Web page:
The completed blanket 32 continues to advance as the next blanket 32 is assembled until it is either manually, semi-automatically, or automatically removed from the out-feed 9 of the system, typically being stacked onto a pallet or dunnage for subsequent delivery to the pipe location for application.
The system of the present invention is controlled using a number of input variables such as pipe circumference and lumber size, which in turn dictate the gap size of gaps 8 a between boards 3. The machine automatically spaces the boards 3 according to the gap size while stapling wires 21 to the board 3 at a number of locations along the length of the board 3 to form a blanket 32. The spacing of boards 3 is dynamic and adjustable without modification to the machine 30 other than the control parameters from a controller due to the collaborative operation of the servo conveyor 8 and the jumping stop 5 used to singulate the boards 3 being fed onto the servo conveyor 8 for stapling.
The stapling locations are adjustable when the machine is configure for a particular length of board being processed. Each automated stapler 18 has associated with it a staple magazine 4 (shown for example extending upwardly through catwalk 16 in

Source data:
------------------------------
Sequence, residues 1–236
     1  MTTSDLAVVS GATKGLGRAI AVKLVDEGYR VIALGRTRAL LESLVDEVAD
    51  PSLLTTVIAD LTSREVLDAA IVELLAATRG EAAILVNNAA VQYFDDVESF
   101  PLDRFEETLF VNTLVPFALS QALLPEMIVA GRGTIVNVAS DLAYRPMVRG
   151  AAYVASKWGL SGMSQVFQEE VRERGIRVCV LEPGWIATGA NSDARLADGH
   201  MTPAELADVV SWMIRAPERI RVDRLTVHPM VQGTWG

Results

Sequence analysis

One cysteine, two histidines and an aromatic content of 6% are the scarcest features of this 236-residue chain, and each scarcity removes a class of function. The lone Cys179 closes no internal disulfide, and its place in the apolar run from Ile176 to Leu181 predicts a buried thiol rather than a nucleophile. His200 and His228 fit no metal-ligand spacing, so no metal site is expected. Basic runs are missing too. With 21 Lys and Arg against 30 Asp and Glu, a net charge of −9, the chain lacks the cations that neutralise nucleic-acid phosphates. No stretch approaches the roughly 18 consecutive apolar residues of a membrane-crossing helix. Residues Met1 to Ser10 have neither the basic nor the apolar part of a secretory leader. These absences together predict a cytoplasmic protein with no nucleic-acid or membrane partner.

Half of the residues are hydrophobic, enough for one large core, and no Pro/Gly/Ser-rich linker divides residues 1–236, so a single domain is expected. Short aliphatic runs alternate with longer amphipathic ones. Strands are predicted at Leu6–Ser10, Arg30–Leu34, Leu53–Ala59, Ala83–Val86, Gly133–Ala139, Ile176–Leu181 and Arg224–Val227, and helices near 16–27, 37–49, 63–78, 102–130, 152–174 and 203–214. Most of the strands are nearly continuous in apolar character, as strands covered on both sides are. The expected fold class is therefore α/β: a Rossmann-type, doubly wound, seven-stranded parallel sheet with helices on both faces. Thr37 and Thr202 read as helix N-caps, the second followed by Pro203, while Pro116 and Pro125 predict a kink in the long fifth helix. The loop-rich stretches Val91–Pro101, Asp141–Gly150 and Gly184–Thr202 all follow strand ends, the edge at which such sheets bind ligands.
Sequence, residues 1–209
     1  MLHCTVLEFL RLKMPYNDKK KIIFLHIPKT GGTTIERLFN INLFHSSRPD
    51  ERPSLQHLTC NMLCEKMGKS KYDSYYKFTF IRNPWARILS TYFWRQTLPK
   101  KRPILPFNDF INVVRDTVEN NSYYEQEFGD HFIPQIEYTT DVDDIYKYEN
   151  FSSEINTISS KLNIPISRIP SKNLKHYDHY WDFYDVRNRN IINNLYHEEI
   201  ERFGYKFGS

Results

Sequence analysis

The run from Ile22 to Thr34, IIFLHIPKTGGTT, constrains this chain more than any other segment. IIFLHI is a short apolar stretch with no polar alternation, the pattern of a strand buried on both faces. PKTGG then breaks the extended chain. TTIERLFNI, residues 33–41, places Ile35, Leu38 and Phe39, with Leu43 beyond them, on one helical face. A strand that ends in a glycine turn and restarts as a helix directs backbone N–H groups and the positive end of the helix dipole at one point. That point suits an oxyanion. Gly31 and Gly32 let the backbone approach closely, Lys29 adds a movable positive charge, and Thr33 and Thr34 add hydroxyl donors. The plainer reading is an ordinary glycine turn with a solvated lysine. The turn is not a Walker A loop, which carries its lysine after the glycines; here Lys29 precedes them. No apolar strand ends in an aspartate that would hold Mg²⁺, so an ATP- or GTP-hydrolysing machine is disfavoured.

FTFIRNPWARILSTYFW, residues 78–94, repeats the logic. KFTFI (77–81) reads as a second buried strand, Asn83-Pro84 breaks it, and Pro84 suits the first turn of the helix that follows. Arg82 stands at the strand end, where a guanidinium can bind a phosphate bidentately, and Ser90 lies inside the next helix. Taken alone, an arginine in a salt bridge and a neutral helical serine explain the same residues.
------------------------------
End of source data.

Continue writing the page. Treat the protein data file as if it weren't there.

The present invention can be made compact enough to be transported to a pipeline installation site by means of a flatbed trailer or similar. In this way the wood lagging can be produced at the point of consumption thereby minimizing the cost of handling the lagging blankets between production and installation.
The present invention can also be scaled up for stationary production installations.
As will be apparent to those skilled in the art in the light of the foregoing disclosure, many alterations and modifications are possible in the practice of this invention without departing from the spirit or scope thereof.
|Cited Patent||Filing date||Publication date||Applicant||Title|
|US743075||Sep 12, 1902||Nov 3, 1903||Isaac B Hammond||Hoop or band for cylindrical casings.|
|US1781424 *||Apr 9, 1927||Nov 11, 1930||Mathews Conveyer Co||Conveying and spacing apparatus|
|US3989135||Jun 21, 1974||Nov 2, 1976||Plan-Sell Oy||Apparatus for single feeding timber|
|US4405276||Jun 10, 1981||Sep 20, 1983||Dimter Gmbh Maschinenfabrik||Apparatus for unstacking planks|
|US4869360||Oct 28, 1986||Sep 26, 1989||Newnes Machine And Ironworks Ltd.||Lug loader|
|US5341916 *||Jul 22, 1993||Aug 30, 1994||Rapistan Corporation||Controlled spacing induction|
|US5921376||Sep 17, 1996||Jul 13, 1999||Cae Newnes Ltd.||High speed revolving lug loader with retracting heel and hook|
|US6379105||Feb 22, 2000||Apr 30, 2002||Steven L. Aylsworth||Automatic lumber unloading and feeding apparatus|
|U.S. Classification||144/2.1, 198/460.1, 144/245.2, 144/3.1, 144/4.2|
|International Classification||B27C9/00, B27B31/00|